While it may take a village to raise a child, it takes a force of experts across a range of disciplines – design, architecture, HVAC, construction, and more – to bring the latest healthcare projects to life. With the industry poised for change, success depends on making sure these fields retain industry leaders while attracting the next-generation of professionals. But are we doing all we can?

A recent article in The Wall Street Journal, “The Tyranny of the Queen Bee” by Peggy Drexler, kicked off a heated discussion about women in positions of power and whether or not they’re adequately mentoring their peers, especially other women. “Though it is getting easier to be a professional woman, it is by no means easy. Some women—especially in industries that remain male-dominated—assume that their perches may be pulled from beneath them at any given moment … Made to second-guess themselves, they try to ensure their own dominance by keeping others, especially women, down,” Drexler writes.

A new grassroots organization in Southern California kicked off the year with a mission to sharpen the skills of women in construction operations through a robust mentoring and networking program. Called Women in Construction Operations (WiOPS), the organization’s members say they saw a void in groups that address the specific needs and challenges of women in the field. “Any woman in any non-traditional field has more challenges just because of the way that we culturally address the different genders,” says Holly Cindell, project director for the healthcare group at McCarthy Building Cos. Inc. (Newport Beach, Calif.), and WiOPS co-chairwoman. “We decided we need to all get together and collectively share our experiences. We want to be a tool for all women in construction.”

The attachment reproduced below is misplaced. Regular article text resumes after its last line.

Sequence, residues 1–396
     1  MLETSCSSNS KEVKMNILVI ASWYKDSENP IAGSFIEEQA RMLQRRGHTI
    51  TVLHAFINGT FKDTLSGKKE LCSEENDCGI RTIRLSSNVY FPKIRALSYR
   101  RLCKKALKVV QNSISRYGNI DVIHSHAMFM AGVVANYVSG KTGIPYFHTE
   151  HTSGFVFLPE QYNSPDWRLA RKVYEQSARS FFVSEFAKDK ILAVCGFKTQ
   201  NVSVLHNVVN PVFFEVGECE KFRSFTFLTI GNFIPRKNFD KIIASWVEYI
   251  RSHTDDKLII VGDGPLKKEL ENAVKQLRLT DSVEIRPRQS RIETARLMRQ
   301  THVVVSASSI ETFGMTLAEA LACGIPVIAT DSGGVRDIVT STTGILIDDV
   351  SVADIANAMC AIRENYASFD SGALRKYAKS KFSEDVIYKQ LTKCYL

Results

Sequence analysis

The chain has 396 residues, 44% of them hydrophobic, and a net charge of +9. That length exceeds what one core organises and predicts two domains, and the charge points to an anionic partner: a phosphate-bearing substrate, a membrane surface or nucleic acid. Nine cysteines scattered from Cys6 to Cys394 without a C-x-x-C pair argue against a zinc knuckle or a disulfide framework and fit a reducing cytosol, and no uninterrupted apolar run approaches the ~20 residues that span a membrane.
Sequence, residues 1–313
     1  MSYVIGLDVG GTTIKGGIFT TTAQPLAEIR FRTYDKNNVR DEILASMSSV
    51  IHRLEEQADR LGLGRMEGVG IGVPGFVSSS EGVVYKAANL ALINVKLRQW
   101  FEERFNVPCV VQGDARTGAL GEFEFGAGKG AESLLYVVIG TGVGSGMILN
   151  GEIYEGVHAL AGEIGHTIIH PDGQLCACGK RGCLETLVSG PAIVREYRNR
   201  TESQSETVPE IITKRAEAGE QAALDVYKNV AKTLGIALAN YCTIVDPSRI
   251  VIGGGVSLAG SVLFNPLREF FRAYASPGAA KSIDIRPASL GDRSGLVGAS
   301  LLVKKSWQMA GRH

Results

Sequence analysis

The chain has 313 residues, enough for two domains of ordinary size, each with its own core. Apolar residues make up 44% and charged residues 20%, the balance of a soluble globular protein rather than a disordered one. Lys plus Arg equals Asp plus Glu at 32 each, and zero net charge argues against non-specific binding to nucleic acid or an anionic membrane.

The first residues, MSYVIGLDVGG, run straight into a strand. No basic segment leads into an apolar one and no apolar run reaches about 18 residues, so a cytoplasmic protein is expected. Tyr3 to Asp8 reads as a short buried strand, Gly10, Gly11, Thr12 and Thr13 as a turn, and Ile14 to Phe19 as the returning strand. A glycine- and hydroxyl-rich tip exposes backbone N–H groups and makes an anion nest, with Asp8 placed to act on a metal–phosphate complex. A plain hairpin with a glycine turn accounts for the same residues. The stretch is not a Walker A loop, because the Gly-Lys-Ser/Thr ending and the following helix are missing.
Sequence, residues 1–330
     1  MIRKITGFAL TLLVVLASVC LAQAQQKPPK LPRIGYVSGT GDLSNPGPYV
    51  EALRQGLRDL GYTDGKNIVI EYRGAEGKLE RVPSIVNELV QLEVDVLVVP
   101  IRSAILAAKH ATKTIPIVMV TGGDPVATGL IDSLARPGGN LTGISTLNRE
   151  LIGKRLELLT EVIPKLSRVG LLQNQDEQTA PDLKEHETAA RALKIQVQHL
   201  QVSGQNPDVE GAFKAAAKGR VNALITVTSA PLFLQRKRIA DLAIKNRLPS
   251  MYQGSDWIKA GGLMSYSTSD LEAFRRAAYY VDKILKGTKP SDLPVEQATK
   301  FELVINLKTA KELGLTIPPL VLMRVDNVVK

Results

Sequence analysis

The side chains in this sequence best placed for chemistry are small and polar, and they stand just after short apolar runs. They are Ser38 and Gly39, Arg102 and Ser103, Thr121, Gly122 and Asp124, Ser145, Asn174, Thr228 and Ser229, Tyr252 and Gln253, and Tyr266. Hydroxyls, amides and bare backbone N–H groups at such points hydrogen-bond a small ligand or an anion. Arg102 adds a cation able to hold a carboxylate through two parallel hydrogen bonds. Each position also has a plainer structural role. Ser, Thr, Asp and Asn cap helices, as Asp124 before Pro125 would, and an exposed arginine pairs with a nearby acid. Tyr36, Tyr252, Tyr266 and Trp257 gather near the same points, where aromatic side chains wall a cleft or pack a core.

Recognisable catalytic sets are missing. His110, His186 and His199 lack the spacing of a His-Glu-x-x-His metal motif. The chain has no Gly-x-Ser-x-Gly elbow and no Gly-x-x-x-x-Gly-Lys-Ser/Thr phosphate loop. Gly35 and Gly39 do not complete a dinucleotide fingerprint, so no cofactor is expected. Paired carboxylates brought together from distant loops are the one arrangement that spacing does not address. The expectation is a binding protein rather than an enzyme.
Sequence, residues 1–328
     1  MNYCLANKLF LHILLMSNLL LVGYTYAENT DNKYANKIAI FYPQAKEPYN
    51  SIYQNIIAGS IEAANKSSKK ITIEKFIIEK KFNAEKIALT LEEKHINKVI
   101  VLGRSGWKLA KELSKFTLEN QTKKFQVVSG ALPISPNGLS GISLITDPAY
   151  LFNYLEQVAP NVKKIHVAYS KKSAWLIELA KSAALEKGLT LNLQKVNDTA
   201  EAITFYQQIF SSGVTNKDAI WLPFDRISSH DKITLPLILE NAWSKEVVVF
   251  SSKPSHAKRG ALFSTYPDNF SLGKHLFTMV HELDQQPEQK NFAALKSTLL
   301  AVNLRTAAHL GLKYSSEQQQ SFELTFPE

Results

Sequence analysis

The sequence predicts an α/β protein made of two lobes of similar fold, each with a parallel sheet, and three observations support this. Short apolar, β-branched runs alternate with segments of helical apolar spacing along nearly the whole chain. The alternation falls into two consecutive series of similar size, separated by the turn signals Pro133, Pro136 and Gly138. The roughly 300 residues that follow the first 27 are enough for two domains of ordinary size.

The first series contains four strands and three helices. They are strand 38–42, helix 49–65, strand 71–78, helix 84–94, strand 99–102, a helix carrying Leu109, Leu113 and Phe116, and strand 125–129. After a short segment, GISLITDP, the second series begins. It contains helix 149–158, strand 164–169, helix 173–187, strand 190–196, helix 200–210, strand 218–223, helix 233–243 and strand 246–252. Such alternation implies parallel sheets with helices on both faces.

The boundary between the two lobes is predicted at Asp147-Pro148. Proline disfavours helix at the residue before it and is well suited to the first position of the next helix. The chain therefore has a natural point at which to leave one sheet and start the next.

According to the National Association of Women in Construction (NAWIC), there are fewer than 1 million women employed in the construction industry – which represents less than 10 percent of total workers in construction.  WiOPS aims to help keep women in the operations side of the business by supporting them with career advice, mentors, and idea sharing. For its initial year, the group’s founding board, represented by women from various companies in southern California, plans to host meetings about every six weeks. Membership is open to all men and women in construction operations who are interested in being a mentor or mentee.

However young or small, the group is quickly realizing its potential. Cindell, whose career spans 26 years, says women as far away as Boston and Chicago have reached out to inquire about events and the group has registered more than 250 members since January. “We’re hoping women will look at us to be engaged and ask, ‘How can this group of women help me become a better leader, become better in construction, and help me stand taller and stronger?” she says.